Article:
We are the ever-worrying people.
Philosopher and ideologue Simon
Rawidowicz (1896– 1957) is regularly quoted in his description of the Jews as
“the ever-dying people.”
Or so we have often perceived ourselves. From
the moment the first biblical spies went to scout out the Land of Israel and
felt “as grasshoppers” in the eyes of others, to the projections of some of our
leaders following the recent Pew Research Center study, we see ourselves as the
ever-threatened, ever- dying people.
When we aren’t being existentially
threatened, we regularly worry about our own spiritual or cultural demise. But
the truth is that far more than being an ever-dying people, we are an
It’s understandable that we worry, however. Given
the enormity of issues facing the Jewish people both in Israel and throughout
the Jewish world, it is no wonder that we are concerned. If we aren’t worried
about our physical survival in Israel, we’re worried about our Jewish identity
everywhere. And when we aren’t worried about our Jewish identity, we’re worried
about our spirituality.
But perhaps we should also see all the ways in
which we are thriving, both as a start-up nation in Israel reclaiming the best
of Jewish tradition, and a thriving array of communities and institutions
throughout the wider Jewish world. If we can see all the totality of who we, the
Jewish people, are today, and what has enabled us to become who we are, we might
better understand and learn from what makes us thrive: leadership that has at
its core the desire to create ethical societies.
Regardless of the
strength of an economy, or the internal and external threats that are so real,
what has mattered most in our collective survival and thriving as a people has
been the capacity of leaders to inspire communities of meaning and, especially
in our time, to provide multiple models of a Jewish life worth living. With
excellence in leadership, while some may still need to see us as the ever-dying,
leaders with vision who know that we are the ever- thriving people will be able
to harness the resources and knowledge necessary to make it so.
to leadership experts who teach about long-range systemic change in countries,
universities and business, successful leadership depends upon the combination of
knowledge, the trust of a community of people, the capacity to leverage power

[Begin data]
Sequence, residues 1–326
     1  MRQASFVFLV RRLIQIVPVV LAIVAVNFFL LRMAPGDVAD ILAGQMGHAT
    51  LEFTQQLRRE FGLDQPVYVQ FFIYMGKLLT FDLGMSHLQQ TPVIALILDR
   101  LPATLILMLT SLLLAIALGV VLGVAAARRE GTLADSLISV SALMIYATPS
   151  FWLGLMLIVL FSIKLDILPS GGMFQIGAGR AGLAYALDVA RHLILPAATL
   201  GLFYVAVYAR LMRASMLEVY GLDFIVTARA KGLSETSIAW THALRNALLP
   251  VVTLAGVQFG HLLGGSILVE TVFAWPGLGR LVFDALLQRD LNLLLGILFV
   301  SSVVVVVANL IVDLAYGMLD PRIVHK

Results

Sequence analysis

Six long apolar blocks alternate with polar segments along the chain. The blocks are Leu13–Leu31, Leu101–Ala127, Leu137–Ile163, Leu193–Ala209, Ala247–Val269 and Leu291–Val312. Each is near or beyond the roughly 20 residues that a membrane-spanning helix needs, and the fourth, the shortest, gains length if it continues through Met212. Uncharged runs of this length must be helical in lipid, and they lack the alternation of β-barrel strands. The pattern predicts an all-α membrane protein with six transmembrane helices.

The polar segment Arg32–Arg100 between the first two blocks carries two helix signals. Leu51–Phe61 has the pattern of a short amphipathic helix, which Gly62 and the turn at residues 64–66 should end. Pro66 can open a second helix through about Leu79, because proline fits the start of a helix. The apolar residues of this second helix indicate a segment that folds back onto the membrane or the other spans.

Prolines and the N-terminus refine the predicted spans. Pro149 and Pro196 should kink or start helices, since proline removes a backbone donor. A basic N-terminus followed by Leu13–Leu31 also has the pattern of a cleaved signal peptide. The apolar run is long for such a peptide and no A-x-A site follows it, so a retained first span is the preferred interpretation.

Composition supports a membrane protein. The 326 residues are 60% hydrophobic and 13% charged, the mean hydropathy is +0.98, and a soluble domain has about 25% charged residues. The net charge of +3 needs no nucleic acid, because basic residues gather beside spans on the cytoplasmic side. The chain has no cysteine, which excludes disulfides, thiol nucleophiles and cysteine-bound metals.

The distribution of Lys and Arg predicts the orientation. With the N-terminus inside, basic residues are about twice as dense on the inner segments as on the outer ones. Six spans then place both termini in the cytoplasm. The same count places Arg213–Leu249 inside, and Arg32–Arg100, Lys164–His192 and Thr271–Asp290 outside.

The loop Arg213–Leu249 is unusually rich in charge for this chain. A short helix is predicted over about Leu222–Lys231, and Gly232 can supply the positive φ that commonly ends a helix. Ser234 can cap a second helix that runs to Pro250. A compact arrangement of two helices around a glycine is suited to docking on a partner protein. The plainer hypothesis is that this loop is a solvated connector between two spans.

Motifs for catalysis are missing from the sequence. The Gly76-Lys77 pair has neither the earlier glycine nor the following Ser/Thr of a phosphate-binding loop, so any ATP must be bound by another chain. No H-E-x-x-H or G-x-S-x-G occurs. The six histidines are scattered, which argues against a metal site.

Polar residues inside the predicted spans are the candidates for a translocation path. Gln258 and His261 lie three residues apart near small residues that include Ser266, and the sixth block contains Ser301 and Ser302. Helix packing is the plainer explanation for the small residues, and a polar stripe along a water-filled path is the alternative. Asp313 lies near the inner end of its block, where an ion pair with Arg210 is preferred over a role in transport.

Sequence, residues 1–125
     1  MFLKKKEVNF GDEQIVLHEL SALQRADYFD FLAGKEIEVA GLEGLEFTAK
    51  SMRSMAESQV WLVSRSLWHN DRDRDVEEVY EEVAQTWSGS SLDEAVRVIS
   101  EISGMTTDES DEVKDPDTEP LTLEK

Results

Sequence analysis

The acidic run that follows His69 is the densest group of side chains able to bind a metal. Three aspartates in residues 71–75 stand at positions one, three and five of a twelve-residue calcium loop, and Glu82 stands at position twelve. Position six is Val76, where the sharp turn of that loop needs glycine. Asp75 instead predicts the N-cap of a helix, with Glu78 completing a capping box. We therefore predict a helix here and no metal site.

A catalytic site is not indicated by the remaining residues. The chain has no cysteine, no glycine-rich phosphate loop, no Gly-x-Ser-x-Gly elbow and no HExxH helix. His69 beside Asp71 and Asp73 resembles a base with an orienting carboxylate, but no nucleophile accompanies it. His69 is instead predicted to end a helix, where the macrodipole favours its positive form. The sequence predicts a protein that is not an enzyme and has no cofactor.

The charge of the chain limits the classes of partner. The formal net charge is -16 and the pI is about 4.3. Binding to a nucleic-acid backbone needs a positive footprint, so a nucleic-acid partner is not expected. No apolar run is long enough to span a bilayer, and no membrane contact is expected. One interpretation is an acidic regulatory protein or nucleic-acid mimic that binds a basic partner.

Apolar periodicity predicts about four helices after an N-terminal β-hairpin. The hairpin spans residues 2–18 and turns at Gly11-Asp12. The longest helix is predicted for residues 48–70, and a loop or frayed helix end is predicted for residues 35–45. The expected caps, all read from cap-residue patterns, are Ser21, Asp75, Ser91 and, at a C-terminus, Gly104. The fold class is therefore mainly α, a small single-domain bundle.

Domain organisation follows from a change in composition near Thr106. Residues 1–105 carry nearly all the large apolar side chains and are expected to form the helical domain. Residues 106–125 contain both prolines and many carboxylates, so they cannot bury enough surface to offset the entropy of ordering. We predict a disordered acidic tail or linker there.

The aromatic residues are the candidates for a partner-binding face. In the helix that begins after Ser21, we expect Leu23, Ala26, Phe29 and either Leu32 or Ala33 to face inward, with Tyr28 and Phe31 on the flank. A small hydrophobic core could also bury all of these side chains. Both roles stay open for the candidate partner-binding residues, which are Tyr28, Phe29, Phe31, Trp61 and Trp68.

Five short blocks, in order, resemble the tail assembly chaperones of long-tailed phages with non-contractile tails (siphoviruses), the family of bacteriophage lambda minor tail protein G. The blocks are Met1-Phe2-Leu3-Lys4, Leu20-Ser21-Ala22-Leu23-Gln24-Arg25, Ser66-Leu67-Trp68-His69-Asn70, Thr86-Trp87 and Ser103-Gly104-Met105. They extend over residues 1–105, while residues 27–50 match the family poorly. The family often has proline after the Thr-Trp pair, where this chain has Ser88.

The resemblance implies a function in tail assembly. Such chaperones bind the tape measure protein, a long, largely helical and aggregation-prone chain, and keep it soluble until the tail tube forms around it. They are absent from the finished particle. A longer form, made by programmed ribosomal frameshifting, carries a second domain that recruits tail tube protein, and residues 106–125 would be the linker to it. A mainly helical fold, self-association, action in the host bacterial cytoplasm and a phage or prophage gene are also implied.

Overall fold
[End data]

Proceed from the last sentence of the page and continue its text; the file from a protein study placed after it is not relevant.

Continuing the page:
and the willingness to take risks.
Successful leaders also learn from
other leaders, from their brilliant successes and their disastrous mistakes. But
not enough has been said or taught about how Jewish leaders can succeed in
transforming organizations, communities and countries.
don’t just need to lead according to communal needs; they need to be led by the
ethical imperatives of this hour.
There are three Jewish leaders we
should study, who I think best model the rare combination of leadership capacity
motivated by ethical imperatives: (1) Moses; (2) Yohanan Ben Zakai (first
century CE); and (3) Theodor Herzl (1860-1904). Each one, in different contexts,
embodied not only powerful leadership capacity, but perhaps more importantly
their leadership was guided by ethical imperatives – and they were willing to
take risks. Each one responded to a profound existential threat facing the
Jewish people and acted on the ethical imperative of his time. Similar arguments
could be made about Ben Zakai, in fleeing the siege of Jerusalem in 68 CE and
setting up the rabbinic academy of Yavne, and about Herzl in calling for the
Jewish state in 1896, expanding the Zionist movement and establishing
international alliances. Without each of these three giants of Jewish history,
we would probably still be enslaved – without Torah, rabbinic tradition and even
the possibility of political sovereignty. In other words, we wouldn’t
While the existential threats of our time are real, we live with
the blessing of Jewish sovereignty and the political leadership willing to take
risks to defend the physical existence of the Jewish people.
spiritual and communal existence in North America is – while not under
existential threat of physical destruction – much in need of more Jewish leaders
attuned to ethical imperatives of another sort. Jewish leaders today –
professional and lay, young and old – must have the capacity to fully respond to
an unprecedented reality of what some call a post-ethnic Jewish era, an age
characterized by what was unthinkable just a few decades ago. We are blessed to
live in a time of egalitarian Judaism, women rabbis, Jews of patrilineal
descent, families of intermarriages and Jews of a wide spectrum of sexual
orientations. Multicultural and multilayered identities are (generally speaking)
accepted if not embraced by the majority.
This kind of Jewish communal
reality probably demands that we rethink everything. But it also presents us
with enormous opportunity. Given such expansive affirmation of the ethical
demands of many who were previously disenfranchised, we are also likely to be
living in a time in which there ought to be greater sensitivity to the needs of
those still seeking a place or a voice within our communities and in the world
It is also likely that this diversity holds within it not
only the ethical sensitivities and the social capital to lead the
transformations necessary to become more of what Jewish tradition wants us to
be, but this diversity should also breed more leaders who have the knowledge,
capacity, power and willingness to take risks. ■ The writer is the national
director of recruitment and admissions and President’s Scholar of the Hebrew
Union College-Jewish Institute of Religion, and a Shalom Hartman Institute of
North America teacher.
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